Your clubs are also customisable with different heads, shafts and grips that are interchangeable as you play. In addition to customising the look of your clubs, fittings introduce perks to your them as well that both positively and negatively affect the attributes of what you have in your bag. These perks, when added to one of five archetypes — Powerhouse, Rhythm, Greensman, Woodsman & Sculptor — gives you a lot of control of what type of golfer you want to create. Furthermore, if you want to change things up, you can alter your archetype at any time during your MyCareer playthrough. These tweaks are just as well as I very much found that swing timing in this year’s entry is a lot less forgiving than in the past.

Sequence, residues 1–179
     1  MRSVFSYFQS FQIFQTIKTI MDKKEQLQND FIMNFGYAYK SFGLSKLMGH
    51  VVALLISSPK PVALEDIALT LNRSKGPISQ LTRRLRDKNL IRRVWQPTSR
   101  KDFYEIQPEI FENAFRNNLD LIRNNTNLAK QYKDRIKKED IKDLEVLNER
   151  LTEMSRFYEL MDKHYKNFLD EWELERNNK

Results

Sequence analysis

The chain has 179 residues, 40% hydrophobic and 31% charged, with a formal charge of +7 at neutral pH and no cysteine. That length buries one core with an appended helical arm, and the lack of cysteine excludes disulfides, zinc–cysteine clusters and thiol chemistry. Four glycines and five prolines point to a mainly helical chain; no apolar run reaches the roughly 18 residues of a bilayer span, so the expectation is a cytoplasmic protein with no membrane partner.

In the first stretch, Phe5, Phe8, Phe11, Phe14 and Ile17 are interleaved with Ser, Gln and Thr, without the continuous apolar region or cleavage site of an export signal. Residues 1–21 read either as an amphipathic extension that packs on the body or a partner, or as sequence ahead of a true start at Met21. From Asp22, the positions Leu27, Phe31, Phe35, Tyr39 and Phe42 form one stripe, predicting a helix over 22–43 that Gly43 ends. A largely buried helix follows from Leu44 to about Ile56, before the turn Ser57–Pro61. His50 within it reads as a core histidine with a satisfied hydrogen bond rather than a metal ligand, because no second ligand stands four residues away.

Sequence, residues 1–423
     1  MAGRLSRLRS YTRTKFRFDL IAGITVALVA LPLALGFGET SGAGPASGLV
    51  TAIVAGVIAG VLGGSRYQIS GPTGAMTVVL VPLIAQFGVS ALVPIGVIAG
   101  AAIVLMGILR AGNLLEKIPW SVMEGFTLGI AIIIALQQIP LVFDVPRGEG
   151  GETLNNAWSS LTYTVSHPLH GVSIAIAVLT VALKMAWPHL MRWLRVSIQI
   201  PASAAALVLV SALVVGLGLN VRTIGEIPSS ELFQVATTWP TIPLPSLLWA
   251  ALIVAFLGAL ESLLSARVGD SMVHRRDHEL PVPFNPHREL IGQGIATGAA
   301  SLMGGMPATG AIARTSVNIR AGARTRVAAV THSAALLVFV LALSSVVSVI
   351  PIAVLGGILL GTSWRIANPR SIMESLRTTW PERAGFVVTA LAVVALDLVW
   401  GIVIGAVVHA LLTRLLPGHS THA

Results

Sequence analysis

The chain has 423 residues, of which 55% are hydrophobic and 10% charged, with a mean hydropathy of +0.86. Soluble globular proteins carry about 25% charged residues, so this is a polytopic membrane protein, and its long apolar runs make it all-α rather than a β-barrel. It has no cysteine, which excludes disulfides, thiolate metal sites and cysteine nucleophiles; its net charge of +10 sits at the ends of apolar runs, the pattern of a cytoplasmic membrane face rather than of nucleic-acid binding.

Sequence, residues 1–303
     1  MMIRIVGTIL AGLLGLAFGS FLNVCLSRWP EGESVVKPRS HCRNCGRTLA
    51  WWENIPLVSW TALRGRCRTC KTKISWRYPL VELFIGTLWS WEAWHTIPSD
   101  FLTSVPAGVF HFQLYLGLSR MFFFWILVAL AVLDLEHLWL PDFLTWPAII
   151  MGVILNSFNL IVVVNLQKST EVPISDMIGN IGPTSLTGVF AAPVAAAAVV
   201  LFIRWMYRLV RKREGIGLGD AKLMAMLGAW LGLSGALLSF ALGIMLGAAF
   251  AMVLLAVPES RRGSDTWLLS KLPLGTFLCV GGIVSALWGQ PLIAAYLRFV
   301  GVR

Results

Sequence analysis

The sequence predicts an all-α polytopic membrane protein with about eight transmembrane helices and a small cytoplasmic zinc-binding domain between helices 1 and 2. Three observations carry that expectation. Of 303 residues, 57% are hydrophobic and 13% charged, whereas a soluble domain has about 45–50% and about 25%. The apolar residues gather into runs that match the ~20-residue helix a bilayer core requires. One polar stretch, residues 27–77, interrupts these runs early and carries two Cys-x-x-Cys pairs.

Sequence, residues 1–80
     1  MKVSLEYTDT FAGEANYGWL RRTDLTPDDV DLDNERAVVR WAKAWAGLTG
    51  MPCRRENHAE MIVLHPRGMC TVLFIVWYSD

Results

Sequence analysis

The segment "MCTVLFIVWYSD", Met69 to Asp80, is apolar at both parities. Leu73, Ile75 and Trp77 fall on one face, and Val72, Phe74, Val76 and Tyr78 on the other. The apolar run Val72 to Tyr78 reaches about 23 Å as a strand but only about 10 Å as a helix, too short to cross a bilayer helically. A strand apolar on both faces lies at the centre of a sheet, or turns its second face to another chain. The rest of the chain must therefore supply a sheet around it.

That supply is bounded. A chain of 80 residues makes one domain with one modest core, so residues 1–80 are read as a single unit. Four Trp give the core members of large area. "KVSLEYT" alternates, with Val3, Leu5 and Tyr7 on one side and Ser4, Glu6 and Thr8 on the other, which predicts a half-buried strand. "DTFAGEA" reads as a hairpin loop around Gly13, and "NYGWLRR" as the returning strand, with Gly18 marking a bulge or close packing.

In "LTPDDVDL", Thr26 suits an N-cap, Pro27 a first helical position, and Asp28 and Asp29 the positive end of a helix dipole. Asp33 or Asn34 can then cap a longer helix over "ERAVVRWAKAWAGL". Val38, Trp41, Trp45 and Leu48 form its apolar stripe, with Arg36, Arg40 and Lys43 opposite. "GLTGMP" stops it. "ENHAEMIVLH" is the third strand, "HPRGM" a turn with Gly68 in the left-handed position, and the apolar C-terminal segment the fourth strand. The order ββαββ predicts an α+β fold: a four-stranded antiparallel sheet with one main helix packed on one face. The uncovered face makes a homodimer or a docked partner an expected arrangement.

This isn’t a bad thing at all and moving the timing graphic to the left of the player in an arch feels much more natural than the bar we used to have at the bottom. However, as timing is so key to a good shot, the occasional graphical hiccup I encountered every now and again really made things tough. It would often occur on the backlift which then made the timing for the downswing tricky to judge and often led to my player shanking the ball wildly into the rough. Whilst you can recover, hopefully, on your second shot, this inconsistency wasn’t just limited to tee shots and could make some rounds very, very frustrating. This is likely patchable and it’s worth noting that swing mechanics were included in patch 1.03, which arrived soon after launch, so it’s clearly on their radar but not quite resolved as of writing.